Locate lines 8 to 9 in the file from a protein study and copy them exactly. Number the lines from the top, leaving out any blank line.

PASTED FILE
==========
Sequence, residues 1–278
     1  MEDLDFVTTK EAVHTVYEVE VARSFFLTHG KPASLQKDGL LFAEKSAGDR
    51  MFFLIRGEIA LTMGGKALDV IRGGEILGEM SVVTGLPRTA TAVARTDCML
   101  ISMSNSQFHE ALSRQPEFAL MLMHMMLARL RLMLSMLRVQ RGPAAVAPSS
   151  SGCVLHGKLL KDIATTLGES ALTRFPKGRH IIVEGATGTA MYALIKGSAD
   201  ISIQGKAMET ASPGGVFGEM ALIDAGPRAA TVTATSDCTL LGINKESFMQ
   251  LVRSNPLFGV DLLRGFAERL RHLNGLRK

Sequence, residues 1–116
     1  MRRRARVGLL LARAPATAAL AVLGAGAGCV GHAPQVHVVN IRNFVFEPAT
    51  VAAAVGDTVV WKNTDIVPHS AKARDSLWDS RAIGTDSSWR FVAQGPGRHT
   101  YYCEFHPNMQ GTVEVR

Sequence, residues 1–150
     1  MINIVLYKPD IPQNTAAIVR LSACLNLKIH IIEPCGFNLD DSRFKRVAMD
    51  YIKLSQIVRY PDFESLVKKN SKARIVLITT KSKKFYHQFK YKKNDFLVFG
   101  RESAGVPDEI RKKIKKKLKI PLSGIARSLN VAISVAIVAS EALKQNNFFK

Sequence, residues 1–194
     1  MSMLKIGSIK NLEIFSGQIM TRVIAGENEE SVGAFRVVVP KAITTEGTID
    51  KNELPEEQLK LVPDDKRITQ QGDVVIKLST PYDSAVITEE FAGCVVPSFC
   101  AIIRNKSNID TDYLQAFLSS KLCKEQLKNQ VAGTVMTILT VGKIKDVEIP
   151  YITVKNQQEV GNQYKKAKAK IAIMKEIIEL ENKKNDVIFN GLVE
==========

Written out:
Sequence, residues 1–116
     1  MRRRARVGLL LARAPATAAL AVLGAGAGCV GHAPQVHVVN IRNFVFEPAT